I can pick up, feel, handle, the cut-out car. It is a tangible object; it gives me the possibility of a real tactile relation. I can feel how heavy or light it is, how smooth its surface, feel its shape, its dynamic quality. This is obviously so with the Lego car also. It fulfils all the criteria and meets all the requirements of the detail of Figure 2. Above all, I can move it about and place it in entirely new environments, with other objects, to form new structures in new imagined and real worlds.
Its affective qualities and potentials are entirely different from those of the flat, two-dimensional object. With the latter, any attempts to insert it into an imaginary new context do have to remain imaginary and distanced. He claims that "image is spatial and nonsequential, and writing and speech are temporal and sequential" , In his understanding, this difference is crucial for representation and communication since it affects one's knowledge as well as engagement with the social and natural world.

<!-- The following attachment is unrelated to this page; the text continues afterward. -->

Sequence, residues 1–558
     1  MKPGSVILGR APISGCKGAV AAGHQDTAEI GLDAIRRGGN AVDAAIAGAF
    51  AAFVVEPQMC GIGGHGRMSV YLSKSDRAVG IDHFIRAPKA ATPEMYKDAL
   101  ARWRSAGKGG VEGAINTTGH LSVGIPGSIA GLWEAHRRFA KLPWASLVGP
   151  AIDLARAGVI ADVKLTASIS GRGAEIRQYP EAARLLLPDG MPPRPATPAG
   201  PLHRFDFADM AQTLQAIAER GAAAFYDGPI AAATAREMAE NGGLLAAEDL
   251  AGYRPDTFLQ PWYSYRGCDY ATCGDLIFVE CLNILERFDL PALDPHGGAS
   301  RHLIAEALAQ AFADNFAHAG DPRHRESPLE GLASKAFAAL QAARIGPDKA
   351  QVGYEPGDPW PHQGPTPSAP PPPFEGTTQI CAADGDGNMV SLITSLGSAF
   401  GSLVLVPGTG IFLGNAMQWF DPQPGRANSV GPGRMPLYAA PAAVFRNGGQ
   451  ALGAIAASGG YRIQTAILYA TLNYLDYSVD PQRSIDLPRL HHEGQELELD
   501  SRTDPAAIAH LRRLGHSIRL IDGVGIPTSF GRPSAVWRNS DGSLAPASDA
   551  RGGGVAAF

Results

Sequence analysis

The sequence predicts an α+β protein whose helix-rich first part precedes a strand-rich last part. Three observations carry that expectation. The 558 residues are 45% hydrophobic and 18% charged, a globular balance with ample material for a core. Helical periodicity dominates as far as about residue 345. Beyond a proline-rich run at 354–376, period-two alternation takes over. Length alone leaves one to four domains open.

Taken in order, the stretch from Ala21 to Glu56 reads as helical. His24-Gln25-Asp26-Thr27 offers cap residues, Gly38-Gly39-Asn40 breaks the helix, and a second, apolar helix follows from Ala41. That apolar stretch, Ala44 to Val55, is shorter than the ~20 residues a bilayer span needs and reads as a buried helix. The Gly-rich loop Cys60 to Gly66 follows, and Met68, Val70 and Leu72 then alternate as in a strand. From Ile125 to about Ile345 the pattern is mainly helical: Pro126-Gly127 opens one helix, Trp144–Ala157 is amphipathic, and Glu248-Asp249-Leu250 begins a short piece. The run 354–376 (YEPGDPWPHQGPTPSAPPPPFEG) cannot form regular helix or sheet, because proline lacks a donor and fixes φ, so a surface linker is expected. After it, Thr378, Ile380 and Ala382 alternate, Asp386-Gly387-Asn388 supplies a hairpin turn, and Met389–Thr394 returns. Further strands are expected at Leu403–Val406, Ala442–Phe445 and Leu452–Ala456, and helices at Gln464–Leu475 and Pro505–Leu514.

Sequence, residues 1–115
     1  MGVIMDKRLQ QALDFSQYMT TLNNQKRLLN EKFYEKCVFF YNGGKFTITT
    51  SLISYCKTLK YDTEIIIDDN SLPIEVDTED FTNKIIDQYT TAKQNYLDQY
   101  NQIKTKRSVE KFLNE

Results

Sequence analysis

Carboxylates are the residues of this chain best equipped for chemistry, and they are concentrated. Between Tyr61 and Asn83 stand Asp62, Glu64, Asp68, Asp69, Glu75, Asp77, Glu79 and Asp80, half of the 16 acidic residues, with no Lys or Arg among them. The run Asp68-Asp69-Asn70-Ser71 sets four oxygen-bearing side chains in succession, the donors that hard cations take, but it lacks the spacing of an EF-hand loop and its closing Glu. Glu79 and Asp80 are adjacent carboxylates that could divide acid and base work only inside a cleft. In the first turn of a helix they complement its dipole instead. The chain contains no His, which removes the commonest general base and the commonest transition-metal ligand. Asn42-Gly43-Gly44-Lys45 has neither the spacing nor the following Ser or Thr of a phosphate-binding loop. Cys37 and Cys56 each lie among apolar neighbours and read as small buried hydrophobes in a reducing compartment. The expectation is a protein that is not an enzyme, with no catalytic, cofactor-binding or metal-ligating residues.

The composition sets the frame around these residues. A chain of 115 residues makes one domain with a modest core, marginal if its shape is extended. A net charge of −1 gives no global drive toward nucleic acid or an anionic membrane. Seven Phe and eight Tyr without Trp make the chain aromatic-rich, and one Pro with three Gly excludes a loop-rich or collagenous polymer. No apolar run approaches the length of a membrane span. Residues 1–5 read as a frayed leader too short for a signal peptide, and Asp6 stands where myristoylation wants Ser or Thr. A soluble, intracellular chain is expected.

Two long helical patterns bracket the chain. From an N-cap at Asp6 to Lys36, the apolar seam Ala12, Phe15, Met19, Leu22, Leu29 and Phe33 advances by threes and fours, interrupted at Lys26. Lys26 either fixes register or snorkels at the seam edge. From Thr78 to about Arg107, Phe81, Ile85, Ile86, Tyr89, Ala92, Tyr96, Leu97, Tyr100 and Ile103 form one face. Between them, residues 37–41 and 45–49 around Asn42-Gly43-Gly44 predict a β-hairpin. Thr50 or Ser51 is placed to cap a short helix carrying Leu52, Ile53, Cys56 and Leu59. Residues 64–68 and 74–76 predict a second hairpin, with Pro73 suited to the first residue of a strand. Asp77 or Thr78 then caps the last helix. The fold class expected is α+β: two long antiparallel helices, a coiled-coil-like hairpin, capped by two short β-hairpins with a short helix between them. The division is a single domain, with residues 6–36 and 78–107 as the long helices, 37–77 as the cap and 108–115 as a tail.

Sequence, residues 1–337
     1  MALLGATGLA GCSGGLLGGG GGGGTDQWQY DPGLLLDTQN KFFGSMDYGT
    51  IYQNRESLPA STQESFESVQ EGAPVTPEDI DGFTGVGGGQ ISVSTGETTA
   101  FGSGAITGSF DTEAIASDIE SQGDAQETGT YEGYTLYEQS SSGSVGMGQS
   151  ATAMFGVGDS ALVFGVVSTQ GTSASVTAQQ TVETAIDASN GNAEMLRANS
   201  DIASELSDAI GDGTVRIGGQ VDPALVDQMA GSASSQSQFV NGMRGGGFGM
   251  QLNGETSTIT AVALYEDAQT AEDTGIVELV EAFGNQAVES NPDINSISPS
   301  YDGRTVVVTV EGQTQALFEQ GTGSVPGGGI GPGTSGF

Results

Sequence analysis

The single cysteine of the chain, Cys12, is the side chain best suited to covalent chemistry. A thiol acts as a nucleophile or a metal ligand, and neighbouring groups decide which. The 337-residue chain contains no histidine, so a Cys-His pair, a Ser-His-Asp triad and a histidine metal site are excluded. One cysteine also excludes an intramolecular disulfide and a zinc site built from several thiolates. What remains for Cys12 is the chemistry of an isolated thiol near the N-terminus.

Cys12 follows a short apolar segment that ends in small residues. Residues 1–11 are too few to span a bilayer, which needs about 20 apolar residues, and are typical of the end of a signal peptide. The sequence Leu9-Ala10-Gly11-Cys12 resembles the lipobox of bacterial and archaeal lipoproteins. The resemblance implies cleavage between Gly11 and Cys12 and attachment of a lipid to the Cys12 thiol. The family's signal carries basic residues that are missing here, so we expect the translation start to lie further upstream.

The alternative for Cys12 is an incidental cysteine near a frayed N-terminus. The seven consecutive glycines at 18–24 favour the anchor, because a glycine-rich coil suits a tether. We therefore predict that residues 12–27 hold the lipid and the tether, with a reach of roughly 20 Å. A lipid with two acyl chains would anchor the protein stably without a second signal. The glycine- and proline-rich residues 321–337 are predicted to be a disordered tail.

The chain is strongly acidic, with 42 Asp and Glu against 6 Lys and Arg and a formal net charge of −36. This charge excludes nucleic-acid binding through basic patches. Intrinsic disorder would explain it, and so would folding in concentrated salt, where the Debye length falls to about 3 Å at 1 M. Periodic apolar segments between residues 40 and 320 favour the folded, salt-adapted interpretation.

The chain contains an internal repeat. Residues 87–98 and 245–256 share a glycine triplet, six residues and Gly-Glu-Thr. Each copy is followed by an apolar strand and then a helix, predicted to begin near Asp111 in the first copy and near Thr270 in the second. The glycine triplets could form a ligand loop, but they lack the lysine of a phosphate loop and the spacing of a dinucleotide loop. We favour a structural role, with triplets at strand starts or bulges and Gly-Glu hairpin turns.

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Here is a very brief example of speech-structure. This paper presents a partial Leadership for change essays - paschal-law. It has become accessible to my imagination in a different manner, and it can enter, physically, into a world of imagination constructed with other objects of whatever kind. The child decided to cut around this picture, though he did not cut out the car, as he did do, by contrast, in Plate 1. One consequence of this is that all the outwardly produced signs are full of meaning.
Neither of the two approaches envisages the possibility of productive, transformative action by an individual, child or adult, in relation to language or literacy.